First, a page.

Analyzing biological phenomena is often difficult to accomplish, even with modern technology. In many cases, for the actions of small biomolecules and other hard to see functioning parts of a cell, we can only take snapshots that tell us a moment in time. But that’s not all that helpful for understanding the actions of enzymes or other proteins over the course of their activity and it leaves scientists largely in the dark guessing on how these functions proceed.
How To Go Beyond DNA
Technologies like CRISPR have already begun to help somewhat in that respect, like a previous Bioscription article that discussed using CRISPR to image the activities of individual genes and even many genes all at once.
But CRISPR is inherently a DNA (and sometimes RNA) focused tool. It only acts upon the genome itself and any invading viral genetic material. How could it be used to view other parts of a cell, such as biomolecule activity outside of the nucleus, if not elsewhere? That’s been the question for some time.
Last year, someone came up with, at least a partial, solution to this conundrum. Using certain parts of the CRISPR system, scientists at the Wyss Institute at Harvard were able to make a “molecular recorder” capable of recording biological information directly into the DNA of the genome. Then, it could be read back later and interpreted. The device, however, was still in its infancy and it wasn’t known if it would work at all, let alone of the hundreds of sequences and events it was desired to be used for all at once.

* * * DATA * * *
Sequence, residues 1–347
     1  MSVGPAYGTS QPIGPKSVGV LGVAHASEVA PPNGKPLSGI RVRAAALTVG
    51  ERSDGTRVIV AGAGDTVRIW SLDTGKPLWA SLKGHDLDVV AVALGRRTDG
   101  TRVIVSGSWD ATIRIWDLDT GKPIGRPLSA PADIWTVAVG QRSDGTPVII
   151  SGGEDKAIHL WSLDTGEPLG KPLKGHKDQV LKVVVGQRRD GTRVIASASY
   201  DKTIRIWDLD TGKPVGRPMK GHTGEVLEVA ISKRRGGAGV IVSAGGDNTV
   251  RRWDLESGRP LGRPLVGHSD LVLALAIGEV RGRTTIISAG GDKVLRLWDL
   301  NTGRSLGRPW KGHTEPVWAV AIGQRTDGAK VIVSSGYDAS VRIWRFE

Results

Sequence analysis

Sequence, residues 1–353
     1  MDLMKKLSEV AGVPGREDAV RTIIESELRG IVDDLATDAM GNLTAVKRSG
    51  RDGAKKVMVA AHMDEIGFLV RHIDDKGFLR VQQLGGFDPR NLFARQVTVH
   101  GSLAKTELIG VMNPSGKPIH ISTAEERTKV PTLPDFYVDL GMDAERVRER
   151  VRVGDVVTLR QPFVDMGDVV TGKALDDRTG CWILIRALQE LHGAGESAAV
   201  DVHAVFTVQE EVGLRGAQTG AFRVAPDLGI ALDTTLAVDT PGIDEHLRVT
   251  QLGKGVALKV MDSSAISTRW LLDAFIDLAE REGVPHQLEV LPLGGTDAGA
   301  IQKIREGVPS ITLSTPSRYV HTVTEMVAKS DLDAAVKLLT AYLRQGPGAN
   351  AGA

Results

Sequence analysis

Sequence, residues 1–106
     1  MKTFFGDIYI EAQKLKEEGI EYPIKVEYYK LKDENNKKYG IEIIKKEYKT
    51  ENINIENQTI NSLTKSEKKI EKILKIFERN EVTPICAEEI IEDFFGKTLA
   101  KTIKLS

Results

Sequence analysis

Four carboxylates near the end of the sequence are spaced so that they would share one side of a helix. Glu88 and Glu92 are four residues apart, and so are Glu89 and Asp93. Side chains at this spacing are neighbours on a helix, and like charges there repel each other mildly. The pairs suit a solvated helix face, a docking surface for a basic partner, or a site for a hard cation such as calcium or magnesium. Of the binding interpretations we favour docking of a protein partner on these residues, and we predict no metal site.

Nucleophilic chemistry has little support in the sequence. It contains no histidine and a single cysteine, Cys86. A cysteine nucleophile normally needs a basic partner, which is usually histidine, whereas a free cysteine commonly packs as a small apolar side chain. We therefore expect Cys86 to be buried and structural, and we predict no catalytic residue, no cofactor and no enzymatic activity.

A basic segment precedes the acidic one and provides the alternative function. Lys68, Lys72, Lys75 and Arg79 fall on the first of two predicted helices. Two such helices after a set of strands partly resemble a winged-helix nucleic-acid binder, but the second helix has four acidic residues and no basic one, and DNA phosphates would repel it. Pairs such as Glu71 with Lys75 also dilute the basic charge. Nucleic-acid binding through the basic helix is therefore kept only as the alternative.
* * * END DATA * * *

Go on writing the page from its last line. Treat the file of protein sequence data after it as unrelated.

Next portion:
Inserting A Video
Effort into improving the recorder has continued though and in a recent study in the journal Nature they unveiled a new accomplishment with it. While it still lacks a confirmed ability to record complex biological events, it can encode DNA information given to it, even complicated sequences related to real world things.
With this in mind, the researchers modified the two CRISPR proteins involved in inserting viral DNA information, called Cas1 and Cas2, and used them to take up DNA sequences that related to the black and white pixels of a chosen video clip, an iconic one involving a running horse. This information also contained the frame number of the video, meaning subsequent pixels from later frames can also be added in sequence and read off of the genome in order to reconstruct the video.
In the process, they learned a large amount about what the rules are for spacer integration and how best to select sequences for them to be taken up by the CRISPR system. The research also showed that a significant amount of information can be added into the spacer part of the bacterial genome, enough to be practical for their ultimate plans with it.
Genetic Memory And DNA Databases
Their primary goal remains to use this modified tool to automatically record data on events within the cells, up to and including full differentiation of a human cell from being a stem cell to its final form. Understanding how these and other processes work is critical to fields like regenerative medicine and disease research.
And this creation may ultimately be used for far, far more, including efforts into storing real information into bacteria as a sort of biological database. Indeed, bio-digitization is fast becoming its own field of research and study that may discover and utilize these tools in ways that aren’t yet even thought of.
We’ll have to wait and see. But, for now, the main goal of these Harvard scientists is an admirable and critical one and it is hopeful that their new CRISPR-based tool will be successful in its attempt to have cells report about their own life experiences themselves.
Photo CCs: Neural Stem Cells and Growth Hormone Receptor from Wikimedia Commons